It occurred to me tonight when looking for a little levity that I had not seen a thread devoted to jokes around here. I did a quick search and couldn't find one.
I did find a funny
set of nautical terms on another forum to start things off. If you have a joke to share, preferably boating
loosely related to boating
add it on and in no time we'll have our own archive.
The first in a series of four letter words commonly exchanged by skippers as their boats approach one another
Long. Low lying navigational hazard, usually awash, found at river mouths and harbour entrances, where it is composed of sand or mud, and ashore, where it is made of mahogany or some other dark wood. Sailors can be found in large numbers around both.
A Laterally mounted spar to which a sail is fastened, used during jibing to shift crew members to a fixed, horizontal position.
Discomfort suffered by sailors who drink too much
A cramped, closet like compartment below decks where crew members may be stored – on their sides if large or on end if small – until needed.
Sea condition characterised by the simultaneous disappearance of the wind
and the last cold beer
Narrow stretch of deep or dredged waterway bordered by buoys or markers that separates two or more grounded boats
Tidal flow that carries a boat away from it desired destination
or toward a hazard.
Series of maintenance
tasks performed on boats ashore during good weather
weekends in spring and summer months to make them ready for winter storage
Rubber swimming aid worn on the feet. Usually available in two sizes, 3 and 17
Anything floating in the water
from which there is no response when an offer of a cocktail is made.
The portion of an anchor
that digs securely into the bottom: also, any occasion when this happens on the first try.
Ancient: Aspect of seafaring associated with slavery.
Modern: Aspect of seafaring associated with slavery
Generic term for any pieces of boating equipment
that can be forgotten in the back-seat or boot of a car, left behind on a pontoon, soaked in the bottom of a dinghy
over the side of the boat.
Movable mountings often found on shipboards lamps, compasses etc which provide dieting passengers an opportunity to observe the true motions of the ship in relation to them, and thus prevent any recently ingested food
from remaining in their digestive systems long enough to be converted into unwanted calories.
Embarrassing situation in which a sailor returns to shore without leaving his boat.
An opening in a deck
leading to the cabin
below with a cover designed to let water
in while keeping fresh air out.
The maximum theoretical velocity of a given boat through the water, which is 1.5 times the square root of its waterline length in feet, divided by the distance to port in miles, minus the time in hours to sunset cubed.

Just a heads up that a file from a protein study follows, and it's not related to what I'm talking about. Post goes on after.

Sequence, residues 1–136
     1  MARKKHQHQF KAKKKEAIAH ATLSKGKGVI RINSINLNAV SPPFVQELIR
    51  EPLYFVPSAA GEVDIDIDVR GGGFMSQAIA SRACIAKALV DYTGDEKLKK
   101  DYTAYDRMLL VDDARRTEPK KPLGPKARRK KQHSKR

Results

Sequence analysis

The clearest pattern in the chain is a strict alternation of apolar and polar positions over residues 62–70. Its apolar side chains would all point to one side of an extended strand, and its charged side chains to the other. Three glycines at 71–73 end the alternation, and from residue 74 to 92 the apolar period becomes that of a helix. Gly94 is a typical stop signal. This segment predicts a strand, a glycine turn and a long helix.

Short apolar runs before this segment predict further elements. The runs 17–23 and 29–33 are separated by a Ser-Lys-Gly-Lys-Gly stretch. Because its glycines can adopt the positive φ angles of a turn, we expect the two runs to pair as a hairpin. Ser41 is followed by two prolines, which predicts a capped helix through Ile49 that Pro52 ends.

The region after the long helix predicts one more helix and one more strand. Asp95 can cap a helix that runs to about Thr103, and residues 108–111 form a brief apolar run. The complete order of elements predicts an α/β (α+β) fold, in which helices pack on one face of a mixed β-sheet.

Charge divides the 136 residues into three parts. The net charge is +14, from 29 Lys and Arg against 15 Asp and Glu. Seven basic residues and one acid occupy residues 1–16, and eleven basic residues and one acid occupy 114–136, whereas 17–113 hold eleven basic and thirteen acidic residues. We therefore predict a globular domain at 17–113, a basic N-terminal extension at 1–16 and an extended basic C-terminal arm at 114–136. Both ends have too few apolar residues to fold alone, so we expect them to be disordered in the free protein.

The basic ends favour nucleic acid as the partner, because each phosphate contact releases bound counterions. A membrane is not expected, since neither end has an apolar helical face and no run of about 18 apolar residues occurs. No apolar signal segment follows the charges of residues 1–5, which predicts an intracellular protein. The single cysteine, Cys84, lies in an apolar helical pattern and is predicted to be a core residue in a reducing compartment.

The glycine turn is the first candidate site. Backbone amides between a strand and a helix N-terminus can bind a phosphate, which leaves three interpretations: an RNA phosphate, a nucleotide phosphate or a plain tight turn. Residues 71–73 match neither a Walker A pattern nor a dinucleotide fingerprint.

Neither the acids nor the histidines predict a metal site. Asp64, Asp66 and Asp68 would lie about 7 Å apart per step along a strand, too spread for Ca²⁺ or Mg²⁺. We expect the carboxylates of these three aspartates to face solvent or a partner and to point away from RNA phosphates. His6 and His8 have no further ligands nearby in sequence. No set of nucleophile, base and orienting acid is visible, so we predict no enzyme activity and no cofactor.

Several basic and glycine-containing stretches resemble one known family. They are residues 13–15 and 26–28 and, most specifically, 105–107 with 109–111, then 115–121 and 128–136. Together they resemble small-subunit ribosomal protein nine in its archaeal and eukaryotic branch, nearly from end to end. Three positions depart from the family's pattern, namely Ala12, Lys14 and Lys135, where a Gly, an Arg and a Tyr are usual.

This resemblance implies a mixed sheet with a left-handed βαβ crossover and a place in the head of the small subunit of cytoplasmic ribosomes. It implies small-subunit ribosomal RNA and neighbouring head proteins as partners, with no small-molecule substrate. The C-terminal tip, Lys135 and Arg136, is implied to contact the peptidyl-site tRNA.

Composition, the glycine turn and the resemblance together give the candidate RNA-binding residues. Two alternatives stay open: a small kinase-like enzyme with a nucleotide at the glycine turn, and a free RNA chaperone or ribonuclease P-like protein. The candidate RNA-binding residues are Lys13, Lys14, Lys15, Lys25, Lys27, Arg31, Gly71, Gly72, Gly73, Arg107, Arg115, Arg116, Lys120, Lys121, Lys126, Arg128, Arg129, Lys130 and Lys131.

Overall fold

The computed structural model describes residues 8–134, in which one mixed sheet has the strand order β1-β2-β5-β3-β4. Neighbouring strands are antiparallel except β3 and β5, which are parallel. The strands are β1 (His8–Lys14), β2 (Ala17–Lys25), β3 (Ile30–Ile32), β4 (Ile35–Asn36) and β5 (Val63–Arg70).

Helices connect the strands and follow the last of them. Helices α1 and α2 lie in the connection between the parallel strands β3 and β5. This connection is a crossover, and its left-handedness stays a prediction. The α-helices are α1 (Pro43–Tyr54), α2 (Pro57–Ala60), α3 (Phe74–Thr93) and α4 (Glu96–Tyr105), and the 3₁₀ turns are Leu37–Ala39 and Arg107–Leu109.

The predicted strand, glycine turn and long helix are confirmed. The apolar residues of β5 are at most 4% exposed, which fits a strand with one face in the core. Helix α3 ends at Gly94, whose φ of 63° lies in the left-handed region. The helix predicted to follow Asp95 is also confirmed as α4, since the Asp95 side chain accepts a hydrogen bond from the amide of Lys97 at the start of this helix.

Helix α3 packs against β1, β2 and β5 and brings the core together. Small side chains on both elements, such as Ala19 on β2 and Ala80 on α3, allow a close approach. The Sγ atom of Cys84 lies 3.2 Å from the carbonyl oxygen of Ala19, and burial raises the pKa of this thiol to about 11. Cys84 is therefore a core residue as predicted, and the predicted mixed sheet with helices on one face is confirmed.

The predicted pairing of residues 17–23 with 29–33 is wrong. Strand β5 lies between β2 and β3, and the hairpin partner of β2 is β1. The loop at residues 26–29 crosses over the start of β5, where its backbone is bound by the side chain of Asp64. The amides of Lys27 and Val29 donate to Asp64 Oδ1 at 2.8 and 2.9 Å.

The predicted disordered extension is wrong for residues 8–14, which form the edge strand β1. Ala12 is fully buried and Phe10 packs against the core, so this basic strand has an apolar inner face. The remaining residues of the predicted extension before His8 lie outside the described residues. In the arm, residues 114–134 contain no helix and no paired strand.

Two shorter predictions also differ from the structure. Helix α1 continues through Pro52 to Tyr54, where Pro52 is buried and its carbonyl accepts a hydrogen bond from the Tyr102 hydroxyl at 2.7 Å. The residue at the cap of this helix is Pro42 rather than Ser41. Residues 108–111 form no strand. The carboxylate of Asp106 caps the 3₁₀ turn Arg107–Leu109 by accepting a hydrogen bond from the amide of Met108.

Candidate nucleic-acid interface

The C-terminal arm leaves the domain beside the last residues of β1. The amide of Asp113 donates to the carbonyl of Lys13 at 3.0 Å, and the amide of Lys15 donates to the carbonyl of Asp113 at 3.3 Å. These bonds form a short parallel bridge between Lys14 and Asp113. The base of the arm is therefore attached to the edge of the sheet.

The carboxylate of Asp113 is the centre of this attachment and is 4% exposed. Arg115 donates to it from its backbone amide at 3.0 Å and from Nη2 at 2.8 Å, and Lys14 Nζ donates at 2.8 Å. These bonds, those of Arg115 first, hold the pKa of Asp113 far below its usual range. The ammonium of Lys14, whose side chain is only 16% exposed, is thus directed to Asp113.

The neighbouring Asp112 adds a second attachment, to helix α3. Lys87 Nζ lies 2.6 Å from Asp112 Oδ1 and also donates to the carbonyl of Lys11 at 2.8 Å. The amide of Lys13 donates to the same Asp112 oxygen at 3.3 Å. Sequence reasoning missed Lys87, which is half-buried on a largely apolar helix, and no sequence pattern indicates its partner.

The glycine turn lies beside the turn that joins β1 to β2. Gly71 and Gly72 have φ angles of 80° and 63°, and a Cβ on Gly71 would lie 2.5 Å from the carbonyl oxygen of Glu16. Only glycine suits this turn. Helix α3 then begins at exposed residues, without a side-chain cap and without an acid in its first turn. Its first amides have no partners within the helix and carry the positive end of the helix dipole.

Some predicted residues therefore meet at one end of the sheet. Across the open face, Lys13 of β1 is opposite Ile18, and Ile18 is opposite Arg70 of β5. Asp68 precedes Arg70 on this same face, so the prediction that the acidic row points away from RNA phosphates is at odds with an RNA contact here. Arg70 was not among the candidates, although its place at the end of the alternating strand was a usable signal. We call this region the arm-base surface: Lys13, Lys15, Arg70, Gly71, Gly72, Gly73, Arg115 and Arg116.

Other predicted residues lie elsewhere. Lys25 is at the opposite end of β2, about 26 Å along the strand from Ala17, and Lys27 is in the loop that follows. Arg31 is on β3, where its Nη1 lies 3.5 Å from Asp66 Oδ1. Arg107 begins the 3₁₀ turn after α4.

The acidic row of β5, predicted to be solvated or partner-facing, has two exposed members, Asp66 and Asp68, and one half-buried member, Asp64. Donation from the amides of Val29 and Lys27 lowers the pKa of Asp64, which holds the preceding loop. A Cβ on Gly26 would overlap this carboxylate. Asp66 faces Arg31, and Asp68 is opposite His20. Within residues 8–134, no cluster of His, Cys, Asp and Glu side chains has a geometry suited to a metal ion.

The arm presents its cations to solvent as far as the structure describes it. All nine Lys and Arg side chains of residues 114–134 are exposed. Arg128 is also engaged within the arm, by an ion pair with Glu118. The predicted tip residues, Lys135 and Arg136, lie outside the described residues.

Course change which causes the boom to sweep rapidly across the cockpit
; also, frequent type of comment made by observers of this manoeuvre.
A light line attached to a small article so that it can be secured somewhere well out of reach.
The direction in which objects, liquids and other matter may be thrown without risk of re encountering them in the immediate future.
Any personal floatation device that will keep an individual who has fallen off a vessel, above water long enough to be run over by it or another rescue
The shorter aft mast
on a yawl or ketch
. Any mast
that is no longer there.
Earth’s natural satellite
. During periods when it displays a vivid blue colour, sailing conditions are generally favourable.
A hybrid boat that combines the simplicity and reliability
of sail power with the calm and serenity of a throbbing engine
Demanding form of sailing practised by sportsman whose idea of a good time is standing under an ice cold shower
, fully clothed while re examining there last meal.
Basically a voyage from point A to point B, interrupted by unexpected landfalls or stopovers at point K, point Q, and point Z.
Harbour landing place that goes crack, crunch when hit
The art of getting lost
in sight of land, as opposed to the distinct and far more complex science of navigation
used to get lost in offshore
1. Left on a boat.
2. A place you wish you never left on a boat.
designed to wind
up at high speeds any lines left hanging over the stern.
Extremely realistic kind of electronic game
often found on larger sailboats. Players try to avoid colliding with “blips” which represent other sailboats, large container ships and oil
Organised sailing competition that pits yours against your opponents’ luck.
The find art of getting wet and becoming ill while slowly going nowhere at great expense.
Sophisticated electronic location method that enables sailors to instantly determine the exact latitude and longitude, within just a few feet, anywhere on the surface of the surface of the earth, of whatever it was they just ran aground on.
The only situation in which the skipper
does not immediately blame the crew for every single
thing that goes wrong
Large beautiful balloon shaped sail used in powerful downwind sailing, collapses at the sides to make control difficult and when lowered stores neatly into the galley
and main cabin and heads all at the same time.
The rise and fall of ocean waters. There are two tides of interest to mariners: the ebb tide sailors encounter as they attempt to enter port and the flood tide they experience as they try to leave.
Horizontal spar mounted in such a way that when viewed from the cockpit
, the sun is always over it.